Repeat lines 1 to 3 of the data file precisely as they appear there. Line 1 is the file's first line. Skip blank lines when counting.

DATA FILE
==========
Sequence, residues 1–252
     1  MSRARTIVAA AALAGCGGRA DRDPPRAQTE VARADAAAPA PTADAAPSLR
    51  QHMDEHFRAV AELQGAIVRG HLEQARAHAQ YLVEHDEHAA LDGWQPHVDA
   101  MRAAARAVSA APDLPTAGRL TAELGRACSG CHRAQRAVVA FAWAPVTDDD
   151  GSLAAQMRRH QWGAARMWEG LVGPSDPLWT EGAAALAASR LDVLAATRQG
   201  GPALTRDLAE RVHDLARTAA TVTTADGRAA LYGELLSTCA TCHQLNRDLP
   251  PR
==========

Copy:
Sequence, residues 1–252
     1  MSRARTIVAA AALAGCGGRA DRDPPRAQTE VARADAAAPA PTADAAPSLR
    51  QHMDEHFRAV AELQGAIVRG HLEQARAHAQ YLVEHDEHAA LDGWQPHVDA